This is about Inducing Patent Infringement, not infringing patents
A subtle difference, but an important one.
If I make a sell and product in the US which infringes a US patent I will be in breach of that patent, irrespective of whether I knew about the patent or not. Nothing in this judgment changes that.
However, if I I make something, outside the US, and flog it to someone who imports it into the US and infringes a US person, then I will be liable for contributory infringement in the US if I knew it infringed a US patent, or if I wilfully turned a blind eye (known in English law as "Nelsonian knowledge").
Contributory infringement is a big problem for software companies: it means that if I distribute software outside the US which potentially infringes a US patent, then I can be liable for contributory infringement if I was aware it infringed, or if I turned a blind eye to infringement. This is problematical for a number of reasons:
1. If it's open source software, for example, then I am making it available for anyone to download, irrespective of their location.
2. If I can be found liable because I copy the source code (which some commentators have suggested might be the case), then essentially I am simply providing instructions for how to create the infringing invention: WHICH IS EXACTLY THE POINT OF PUBLISHING THE PATENT AT THE PATENT OFFICE ANYWAY.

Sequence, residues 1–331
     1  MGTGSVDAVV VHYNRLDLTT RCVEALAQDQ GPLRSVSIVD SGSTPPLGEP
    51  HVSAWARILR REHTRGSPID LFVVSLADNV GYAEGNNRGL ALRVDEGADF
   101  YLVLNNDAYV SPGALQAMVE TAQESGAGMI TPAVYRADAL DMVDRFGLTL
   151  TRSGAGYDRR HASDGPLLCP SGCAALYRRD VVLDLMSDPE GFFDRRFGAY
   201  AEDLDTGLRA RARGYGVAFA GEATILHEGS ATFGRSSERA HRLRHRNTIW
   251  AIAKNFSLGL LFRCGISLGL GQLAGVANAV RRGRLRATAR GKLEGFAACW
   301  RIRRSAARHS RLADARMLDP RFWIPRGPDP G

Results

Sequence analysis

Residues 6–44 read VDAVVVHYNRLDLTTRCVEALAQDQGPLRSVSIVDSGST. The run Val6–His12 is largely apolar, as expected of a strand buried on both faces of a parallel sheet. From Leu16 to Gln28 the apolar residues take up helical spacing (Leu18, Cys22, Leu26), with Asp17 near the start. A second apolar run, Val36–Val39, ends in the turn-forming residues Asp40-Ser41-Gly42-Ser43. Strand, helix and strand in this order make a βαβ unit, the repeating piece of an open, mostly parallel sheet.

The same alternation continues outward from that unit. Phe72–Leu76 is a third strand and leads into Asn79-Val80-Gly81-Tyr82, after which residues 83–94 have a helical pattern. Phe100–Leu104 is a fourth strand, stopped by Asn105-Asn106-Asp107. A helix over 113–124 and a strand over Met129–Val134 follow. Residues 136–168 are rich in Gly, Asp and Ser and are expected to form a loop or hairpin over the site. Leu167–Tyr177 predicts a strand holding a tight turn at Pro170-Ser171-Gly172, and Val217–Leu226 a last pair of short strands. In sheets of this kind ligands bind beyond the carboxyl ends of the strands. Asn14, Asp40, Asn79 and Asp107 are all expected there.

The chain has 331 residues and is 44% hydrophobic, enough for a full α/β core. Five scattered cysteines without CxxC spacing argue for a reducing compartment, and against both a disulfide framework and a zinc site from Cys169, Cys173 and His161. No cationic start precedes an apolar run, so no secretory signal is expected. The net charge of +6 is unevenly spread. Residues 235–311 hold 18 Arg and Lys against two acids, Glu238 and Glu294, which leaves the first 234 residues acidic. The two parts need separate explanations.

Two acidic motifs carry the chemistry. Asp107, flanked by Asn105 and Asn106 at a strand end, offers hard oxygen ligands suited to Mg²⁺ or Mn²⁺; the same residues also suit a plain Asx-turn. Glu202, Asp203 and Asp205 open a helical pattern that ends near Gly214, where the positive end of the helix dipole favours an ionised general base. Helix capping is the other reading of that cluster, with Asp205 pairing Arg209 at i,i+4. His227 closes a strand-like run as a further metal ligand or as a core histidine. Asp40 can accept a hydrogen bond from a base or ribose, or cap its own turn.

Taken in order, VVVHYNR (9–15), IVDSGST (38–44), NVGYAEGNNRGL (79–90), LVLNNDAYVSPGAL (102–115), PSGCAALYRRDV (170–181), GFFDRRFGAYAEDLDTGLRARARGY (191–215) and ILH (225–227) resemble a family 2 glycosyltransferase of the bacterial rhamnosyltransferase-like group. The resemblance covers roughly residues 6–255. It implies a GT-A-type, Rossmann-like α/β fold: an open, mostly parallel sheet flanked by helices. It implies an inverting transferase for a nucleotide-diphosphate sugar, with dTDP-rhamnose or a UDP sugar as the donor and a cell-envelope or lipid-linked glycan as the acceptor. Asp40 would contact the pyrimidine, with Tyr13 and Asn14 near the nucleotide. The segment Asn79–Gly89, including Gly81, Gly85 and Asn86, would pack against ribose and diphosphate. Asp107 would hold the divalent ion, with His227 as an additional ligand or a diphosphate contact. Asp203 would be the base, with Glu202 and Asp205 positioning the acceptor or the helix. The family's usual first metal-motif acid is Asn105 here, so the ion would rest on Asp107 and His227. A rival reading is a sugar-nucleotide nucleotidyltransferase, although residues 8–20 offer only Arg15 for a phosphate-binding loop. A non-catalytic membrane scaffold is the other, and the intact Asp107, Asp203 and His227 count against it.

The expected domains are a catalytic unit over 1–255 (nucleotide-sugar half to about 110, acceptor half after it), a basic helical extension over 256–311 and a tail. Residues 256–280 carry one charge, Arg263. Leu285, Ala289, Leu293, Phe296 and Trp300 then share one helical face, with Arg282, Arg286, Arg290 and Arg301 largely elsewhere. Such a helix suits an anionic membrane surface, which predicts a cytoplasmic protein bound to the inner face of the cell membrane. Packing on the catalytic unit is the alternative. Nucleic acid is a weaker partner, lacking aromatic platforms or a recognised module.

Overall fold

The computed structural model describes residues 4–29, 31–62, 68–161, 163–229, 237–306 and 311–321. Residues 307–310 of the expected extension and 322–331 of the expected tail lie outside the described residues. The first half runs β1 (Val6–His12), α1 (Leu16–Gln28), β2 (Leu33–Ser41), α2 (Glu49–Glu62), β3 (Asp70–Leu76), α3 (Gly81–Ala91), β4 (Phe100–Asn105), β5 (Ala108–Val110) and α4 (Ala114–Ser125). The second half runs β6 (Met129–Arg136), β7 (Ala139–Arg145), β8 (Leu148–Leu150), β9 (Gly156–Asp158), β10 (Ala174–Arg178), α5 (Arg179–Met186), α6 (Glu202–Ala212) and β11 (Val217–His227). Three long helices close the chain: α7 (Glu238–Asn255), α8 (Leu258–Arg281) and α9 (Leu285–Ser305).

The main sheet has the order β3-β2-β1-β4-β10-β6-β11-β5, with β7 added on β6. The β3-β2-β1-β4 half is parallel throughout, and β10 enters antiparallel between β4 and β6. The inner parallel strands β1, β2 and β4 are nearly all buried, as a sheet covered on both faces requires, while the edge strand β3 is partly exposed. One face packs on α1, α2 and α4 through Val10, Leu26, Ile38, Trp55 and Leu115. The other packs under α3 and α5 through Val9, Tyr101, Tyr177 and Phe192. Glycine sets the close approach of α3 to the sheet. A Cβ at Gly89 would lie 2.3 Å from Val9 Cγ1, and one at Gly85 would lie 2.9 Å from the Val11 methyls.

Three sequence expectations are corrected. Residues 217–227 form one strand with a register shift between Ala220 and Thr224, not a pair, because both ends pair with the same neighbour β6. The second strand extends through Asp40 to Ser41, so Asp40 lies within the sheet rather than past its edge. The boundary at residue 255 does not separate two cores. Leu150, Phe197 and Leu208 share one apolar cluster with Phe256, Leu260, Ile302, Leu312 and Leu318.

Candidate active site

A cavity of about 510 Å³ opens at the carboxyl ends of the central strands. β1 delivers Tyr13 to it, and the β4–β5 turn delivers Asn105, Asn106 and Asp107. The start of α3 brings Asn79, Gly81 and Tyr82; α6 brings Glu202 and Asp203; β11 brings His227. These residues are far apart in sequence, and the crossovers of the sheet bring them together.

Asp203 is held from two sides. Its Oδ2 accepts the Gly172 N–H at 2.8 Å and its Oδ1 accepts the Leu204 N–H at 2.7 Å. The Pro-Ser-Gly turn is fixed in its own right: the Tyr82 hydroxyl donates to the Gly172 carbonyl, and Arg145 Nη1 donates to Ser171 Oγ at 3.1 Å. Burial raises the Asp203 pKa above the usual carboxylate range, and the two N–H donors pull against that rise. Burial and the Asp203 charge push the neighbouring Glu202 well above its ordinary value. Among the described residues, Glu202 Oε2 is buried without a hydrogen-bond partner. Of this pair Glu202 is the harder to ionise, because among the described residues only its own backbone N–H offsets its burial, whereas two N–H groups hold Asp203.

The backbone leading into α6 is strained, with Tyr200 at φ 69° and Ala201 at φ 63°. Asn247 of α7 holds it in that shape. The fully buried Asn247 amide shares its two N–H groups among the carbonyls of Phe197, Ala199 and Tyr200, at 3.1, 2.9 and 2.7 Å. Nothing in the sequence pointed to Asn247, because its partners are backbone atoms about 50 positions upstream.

3. How can I become non-infringing, if am not doing anything which infringes the patent itself in the first place? I'll never be able to get a licence from the patent holder which says I can induce people to infringe with impunity. So I suspect the only option is to say something like "this product may infringe patents in your jurisdiction. I don't know. But I am not encouraging to use it unless you are sure it doesn't infringe." I don't know if this works or not: on the one hand, by letting someone have your software with this incantation, it's pretty clear you are not encouraging to them to infringe a patent. On the other hand, the incantation is so simple, that the US courts might just see this as a transparent effort to avoid liability.
What is undoubtedly the case is that it seems to confirm that the US considers that it has jurisdiction in relation to (this aspect) its patents outside the US, even thought patents are supposed to be strictly limited to the jurisdictions in which they were granted.